“It is an uncomfortable truth that our nation and city owes a large part of its wealth to its role in the slave trade,” he said.

“While this is reflected in our public realm, the contribution of many of our communities to life in our capital has been wilfully ignored.”

British Colonialism: a cold reality 

Despite widespread support, some warned of an attempt to erase the past.

“If you change the street names it’s easier to forget but it’s better to have signs underneath to talk about what these men did,” said student Kieran Weatherill, 24, in Glasgow.

Prime Minister Boris Johnson said he understood the “depth of emotion” triggered by Floyd’s death and the anger from black and ethnic minority groups about discrimination.

Read more: UN asks the US to end its ‘structural racism’ amid worldwide anger

“We who lead and who govern simply can’t ignore those feelings because in too many cases, I am afraid, they will be founded on a cold reality,” he said in a video message Monday.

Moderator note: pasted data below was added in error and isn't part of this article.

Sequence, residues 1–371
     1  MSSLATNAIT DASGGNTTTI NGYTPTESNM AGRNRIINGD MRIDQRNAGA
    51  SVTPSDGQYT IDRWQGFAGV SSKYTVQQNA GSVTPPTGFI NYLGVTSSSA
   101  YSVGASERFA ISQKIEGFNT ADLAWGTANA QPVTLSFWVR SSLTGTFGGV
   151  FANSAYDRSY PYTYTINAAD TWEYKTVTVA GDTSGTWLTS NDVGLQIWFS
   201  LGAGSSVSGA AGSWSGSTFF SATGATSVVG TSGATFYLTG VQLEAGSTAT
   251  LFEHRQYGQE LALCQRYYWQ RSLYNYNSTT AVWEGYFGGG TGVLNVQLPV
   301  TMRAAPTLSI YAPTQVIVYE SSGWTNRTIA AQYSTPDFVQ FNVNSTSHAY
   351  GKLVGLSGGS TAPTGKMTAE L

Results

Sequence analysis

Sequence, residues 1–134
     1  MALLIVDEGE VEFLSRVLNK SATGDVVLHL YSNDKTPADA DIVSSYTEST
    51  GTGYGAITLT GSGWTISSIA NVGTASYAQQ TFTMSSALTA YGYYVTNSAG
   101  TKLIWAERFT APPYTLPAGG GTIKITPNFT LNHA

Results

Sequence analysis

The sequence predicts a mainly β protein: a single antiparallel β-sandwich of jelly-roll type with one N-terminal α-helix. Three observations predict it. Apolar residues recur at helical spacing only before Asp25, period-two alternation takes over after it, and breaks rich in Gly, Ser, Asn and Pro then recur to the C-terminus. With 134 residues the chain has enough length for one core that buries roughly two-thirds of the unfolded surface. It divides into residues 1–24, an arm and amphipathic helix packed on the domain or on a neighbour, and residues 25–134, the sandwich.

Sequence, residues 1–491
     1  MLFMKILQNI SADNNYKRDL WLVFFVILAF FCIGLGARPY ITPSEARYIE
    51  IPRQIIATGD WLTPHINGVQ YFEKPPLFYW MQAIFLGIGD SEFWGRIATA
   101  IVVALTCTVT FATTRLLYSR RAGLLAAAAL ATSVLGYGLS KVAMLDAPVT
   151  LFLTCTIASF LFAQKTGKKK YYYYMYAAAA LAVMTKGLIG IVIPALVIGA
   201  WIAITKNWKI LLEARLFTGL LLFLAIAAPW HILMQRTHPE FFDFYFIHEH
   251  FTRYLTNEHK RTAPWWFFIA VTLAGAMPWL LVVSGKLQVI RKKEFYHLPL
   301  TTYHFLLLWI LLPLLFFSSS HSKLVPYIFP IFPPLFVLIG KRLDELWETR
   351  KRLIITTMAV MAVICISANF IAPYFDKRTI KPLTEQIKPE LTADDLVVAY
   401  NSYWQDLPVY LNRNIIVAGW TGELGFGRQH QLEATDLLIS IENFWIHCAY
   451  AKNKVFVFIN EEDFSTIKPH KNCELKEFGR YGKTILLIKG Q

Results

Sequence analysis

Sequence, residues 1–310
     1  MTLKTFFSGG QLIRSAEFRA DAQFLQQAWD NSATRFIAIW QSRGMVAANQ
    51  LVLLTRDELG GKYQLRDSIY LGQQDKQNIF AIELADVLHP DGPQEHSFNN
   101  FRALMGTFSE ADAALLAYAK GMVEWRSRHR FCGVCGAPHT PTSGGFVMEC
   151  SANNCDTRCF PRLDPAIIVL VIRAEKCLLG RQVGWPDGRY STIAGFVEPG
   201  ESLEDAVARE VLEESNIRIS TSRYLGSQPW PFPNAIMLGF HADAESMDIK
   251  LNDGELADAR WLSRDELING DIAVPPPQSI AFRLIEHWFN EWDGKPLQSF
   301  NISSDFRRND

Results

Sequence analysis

But he warned he would not tolerate vandalism or violence after clashes near his Downing Street office left 35 police officers injured.

Johnson’s Conservatives have been embroiled in a number of scandals over their treatment of immigrants, and he has faced claims of racist language in his former newspaper career.

British Colonialism in action: systematic abuse of the ‘Crown Jewel’

In a hard-hitting article in Al Jazeera in 2018, author Jason Hickel highlighted research done by the economist, Utsa Patnaik, in a book published by Columbia University Press who claims that the British Empire defrauded India and Indians of $45 trillion during the course of their rule. She says that British Colonialism worked according to the same pattern in all territories, but the extent of the fraud was the greatest in India.

“It happened through the trading system. Prior to the colonial period, Britain bought goods like textiles and rice from Indian producers and paid for them in the normal way – mostly with silver – as they did with any other country. But something changed in 1765, shortly after the East India Company took control of the subcontinent and established a monopoly over Indian trade”, he writes in his article.